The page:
Recent experiments have revealed an important role of TGT in the development of breast cancer [10, 11]. It was shown that TGT deficiency significantly reduced proliferation and migration of the cancer cells in vitro (MCF7 and MDA-MB-231 lines) and in vivo (nude BALB/c mice with the corresponding transplanted tumors). In particular, knockout/knockdown of the TGT gene in cancer cells reduced the number and volume of tumors in the xenograft model. It should also be mentioned that enhanced expression of TGT was found in lung cancer patients, and the expression level correlated with survival [12, 13]. Involvement of the human TGT in pathological processes indicates the need for the development and testing of selective inhibitors of this protein.
Inhibition of human TGT by low-molecular-weight compounds has been poorly investigated. The main source of information about potential inhibitors is publication devoted to testing structural analogues of the substrate against TGT from rabbit reticulocytes . 7-Methylguanine (7-MG, natural nitrogenous base) was found to be one of the most effective inhibitors, competitive with respect to queuine (Fig. 1, Ki = 1 µM) [14, 15]. Some other studies have shown that 7-MG is also able to suppress the activity of bacterial TGT [16, 17]. Alignment of TGT sequences from different organisms, revealing conserved active site residues, is shown in Online Resource 1, Fig. S1. Interestingly, 7-MG suppresses activity of the human poly(ADP-ribose) polymerase 1 (PARP-1, Ki = 60 µM) [18-21] which plays an important role in pathologies of cardiovascular, nervous, and respiratory systems, as well as in cancer diseases [22-25]. A more selective effect on the target may be required for clinical use of TGT inhibitors, and therefore, structural optimization of 7-MG and its analogues is of great interest.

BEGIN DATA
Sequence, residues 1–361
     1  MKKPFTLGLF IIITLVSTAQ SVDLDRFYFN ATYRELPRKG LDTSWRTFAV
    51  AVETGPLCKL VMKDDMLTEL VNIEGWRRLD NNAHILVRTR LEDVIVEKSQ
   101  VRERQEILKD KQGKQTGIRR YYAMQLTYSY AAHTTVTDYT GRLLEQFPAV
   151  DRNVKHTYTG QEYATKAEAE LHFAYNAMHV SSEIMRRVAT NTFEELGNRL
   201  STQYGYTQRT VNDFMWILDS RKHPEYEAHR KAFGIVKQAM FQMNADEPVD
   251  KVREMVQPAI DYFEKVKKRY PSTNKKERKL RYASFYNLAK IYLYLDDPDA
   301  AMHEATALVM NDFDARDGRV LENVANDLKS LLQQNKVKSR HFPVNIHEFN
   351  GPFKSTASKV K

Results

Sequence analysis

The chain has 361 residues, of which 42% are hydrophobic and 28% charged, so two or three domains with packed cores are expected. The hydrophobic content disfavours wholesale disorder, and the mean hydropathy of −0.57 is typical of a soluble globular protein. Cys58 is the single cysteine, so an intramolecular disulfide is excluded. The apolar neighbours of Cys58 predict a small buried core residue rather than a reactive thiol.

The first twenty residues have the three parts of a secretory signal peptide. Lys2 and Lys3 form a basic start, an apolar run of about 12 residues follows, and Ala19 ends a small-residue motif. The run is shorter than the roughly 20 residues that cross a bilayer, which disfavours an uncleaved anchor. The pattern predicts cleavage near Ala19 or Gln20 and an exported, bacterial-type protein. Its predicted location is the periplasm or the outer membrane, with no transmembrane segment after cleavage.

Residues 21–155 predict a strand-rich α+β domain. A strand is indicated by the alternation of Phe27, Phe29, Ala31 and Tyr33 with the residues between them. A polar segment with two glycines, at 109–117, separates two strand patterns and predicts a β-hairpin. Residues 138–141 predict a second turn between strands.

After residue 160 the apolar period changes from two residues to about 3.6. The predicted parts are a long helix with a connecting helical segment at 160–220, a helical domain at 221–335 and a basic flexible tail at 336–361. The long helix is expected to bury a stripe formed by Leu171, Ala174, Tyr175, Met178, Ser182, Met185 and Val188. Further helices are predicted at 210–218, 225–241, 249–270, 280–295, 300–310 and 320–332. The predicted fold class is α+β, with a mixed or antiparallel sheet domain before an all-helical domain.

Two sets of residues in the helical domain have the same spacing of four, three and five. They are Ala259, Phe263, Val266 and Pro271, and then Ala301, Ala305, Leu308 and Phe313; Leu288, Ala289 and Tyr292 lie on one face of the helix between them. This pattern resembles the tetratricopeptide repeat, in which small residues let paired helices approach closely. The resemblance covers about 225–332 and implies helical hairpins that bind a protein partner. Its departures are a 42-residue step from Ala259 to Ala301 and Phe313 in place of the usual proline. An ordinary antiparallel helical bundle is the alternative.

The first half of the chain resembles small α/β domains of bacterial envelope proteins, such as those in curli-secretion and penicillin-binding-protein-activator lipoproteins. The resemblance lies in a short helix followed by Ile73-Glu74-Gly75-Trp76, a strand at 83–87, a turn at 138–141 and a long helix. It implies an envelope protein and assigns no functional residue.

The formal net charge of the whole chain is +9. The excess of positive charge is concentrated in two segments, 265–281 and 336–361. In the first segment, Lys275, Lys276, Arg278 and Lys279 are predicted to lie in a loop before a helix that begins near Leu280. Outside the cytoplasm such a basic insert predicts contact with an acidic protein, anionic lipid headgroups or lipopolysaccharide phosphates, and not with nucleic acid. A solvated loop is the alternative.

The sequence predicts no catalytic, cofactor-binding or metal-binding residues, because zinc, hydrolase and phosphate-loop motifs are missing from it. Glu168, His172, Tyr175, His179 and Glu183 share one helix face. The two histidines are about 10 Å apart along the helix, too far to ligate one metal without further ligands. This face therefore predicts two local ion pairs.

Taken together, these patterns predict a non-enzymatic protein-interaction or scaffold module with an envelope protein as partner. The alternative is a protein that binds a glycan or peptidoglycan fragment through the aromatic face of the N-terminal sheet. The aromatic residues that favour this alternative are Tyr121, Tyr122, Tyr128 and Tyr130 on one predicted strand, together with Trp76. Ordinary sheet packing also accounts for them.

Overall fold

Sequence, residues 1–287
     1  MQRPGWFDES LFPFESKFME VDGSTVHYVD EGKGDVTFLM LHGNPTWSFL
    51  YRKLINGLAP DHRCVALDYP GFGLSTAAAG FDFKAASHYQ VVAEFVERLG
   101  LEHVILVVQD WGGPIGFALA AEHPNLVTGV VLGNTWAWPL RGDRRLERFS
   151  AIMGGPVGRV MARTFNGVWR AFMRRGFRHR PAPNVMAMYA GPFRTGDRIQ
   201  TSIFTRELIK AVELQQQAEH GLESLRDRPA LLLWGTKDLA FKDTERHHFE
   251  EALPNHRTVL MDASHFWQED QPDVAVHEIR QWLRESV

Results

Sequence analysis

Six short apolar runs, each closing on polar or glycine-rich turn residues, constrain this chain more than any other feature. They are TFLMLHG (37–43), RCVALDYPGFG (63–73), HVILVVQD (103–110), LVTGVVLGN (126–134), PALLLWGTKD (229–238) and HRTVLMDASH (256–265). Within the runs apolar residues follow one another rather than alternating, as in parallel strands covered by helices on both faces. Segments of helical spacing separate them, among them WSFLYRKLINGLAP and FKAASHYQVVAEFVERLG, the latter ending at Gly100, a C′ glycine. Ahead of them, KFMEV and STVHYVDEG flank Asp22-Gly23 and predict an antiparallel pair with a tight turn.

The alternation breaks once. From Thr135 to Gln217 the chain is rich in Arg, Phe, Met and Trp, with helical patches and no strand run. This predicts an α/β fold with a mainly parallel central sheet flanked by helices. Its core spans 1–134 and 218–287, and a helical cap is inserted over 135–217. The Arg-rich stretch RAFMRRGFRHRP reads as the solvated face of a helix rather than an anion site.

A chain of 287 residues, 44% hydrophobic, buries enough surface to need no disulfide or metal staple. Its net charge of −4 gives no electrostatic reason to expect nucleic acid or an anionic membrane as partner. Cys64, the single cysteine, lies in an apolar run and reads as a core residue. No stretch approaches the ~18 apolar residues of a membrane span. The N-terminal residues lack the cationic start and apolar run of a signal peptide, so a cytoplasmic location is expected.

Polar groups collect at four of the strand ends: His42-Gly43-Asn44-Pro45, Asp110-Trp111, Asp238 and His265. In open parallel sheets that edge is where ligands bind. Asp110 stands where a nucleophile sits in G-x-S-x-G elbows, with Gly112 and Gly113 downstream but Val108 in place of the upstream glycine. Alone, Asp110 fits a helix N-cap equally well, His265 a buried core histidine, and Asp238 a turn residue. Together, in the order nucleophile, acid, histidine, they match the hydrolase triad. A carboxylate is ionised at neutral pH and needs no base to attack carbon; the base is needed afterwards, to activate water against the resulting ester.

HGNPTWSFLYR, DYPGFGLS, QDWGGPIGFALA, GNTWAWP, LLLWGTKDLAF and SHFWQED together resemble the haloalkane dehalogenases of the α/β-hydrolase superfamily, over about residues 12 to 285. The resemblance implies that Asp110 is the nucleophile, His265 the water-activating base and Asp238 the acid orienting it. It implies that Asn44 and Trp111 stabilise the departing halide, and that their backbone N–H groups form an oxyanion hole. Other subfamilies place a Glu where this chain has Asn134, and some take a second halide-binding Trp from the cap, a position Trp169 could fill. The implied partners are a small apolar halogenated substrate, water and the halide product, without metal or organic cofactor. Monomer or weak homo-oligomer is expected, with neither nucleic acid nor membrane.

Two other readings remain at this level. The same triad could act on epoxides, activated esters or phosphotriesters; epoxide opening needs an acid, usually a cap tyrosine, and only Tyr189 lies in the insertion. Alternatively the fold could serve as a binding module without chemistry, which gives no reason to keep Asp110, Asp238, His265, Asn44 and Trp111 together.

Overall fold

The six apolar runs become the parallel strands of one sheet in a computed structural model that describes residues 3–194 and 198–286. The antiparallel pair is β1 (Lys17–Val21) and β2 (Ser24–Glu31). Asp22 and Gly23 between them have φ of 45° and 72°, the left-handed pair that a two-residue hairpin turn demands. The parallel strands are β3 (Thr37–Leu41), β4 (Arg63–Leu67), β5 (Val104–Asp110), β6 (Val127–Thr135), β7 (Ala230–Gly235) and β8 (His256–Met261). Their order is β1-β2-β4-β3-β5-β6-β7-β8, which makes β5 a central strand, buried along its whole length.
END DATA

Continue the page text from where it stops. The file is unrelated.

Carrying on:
In the present work, interaction of the human TGT with the 7-MG inhibitor was modeled, and recommendations were given for further development of more effective and selective inhibitors.
MATERIALS AND METHODS
For molecular mechanical description of 7-MG in a cationic state, parameters of the Amber-compatible field ff99  were used with exception of partial charges. Assignment of partial atomic charges was carried out by the RESP method (see in Online Resource 1, Fig. S2) [27, 28]. For this purpose, molecular electrostatic potential was preliminarily calculated at the HF/6-31G* level of theory using GAMESS . Parameters of the uncharged 7-MG molecule were obtained in a similar way in our previous work . Amino acid residues of the protein were described by the ff14SB force field with improved torsion parameters .